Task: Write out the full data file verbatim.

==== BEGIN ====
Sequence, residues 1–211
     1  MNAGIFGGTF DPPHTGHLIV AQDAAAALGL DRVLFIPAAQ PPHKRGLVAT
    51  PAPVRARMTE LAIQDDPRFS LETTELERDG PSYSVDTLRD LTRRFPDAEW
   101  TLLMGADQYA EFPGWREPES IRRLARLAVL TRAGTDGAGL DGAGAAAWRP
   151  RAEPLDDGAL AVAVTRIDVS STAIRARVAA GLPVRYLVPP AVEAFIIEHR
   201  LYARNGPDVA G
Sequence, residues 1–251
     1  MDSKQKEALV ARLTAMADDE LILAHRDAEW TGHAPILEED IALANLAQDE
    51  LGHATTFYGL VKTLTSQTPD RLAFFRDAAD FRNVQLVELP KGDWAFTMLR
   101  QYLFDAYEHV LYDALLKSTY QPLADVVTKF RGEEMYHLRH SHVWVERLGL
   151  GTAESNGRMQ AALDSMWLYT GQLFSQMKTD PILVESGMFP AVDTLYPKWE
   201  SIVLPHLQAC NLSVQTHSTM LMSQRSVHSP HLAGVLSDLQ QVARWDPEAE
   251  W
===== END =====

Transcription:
Sequence, residues 1–211
     1  MNAGIFGGTF DPPHTGHLIV AQDAAAALGL DRVLFIPAAQ PPHKRGLVAT
    51  PAPVRARMTE LAIQDDPRFS LETTELERDG PSYSVDTLRD LTRRFPDAEW
   101  TLLMGADQYA EFPGWREPES IRRLARLAVL TRAGTDGAGL DGAGAAAWRP
   151  RAEPLDDGAL AVAVTRIDVS STAIRARVAA GLPVRYLVPP AVEAFIIEHR
   201  LYARNGPDVA G
Sequence, residues 1–251
     1  MDSKQKEALV ARLTAMADDE LILAHRDAEW TGHAPILEED IALANLAQDE
    51  LGHATTFYGL VKTLTSQTPD RLAFFRDAAD FRNVQLVELP KGDWAFTMLR
   101  QYLFDAYEHV LYDALLKSTY QPLADVVTKF RGEEMYHLRH SHVWVERLGL
   151  GTAESNGRMQ AALDSMWLYT GQLFSQMKTD PILVESGMFP AVDTLYPKWE
   201  SIVLPHLQAC NLSVQTHSTM LMSQRSVHSP HLAGVLSDLQ QVARWDPEAE
   251  W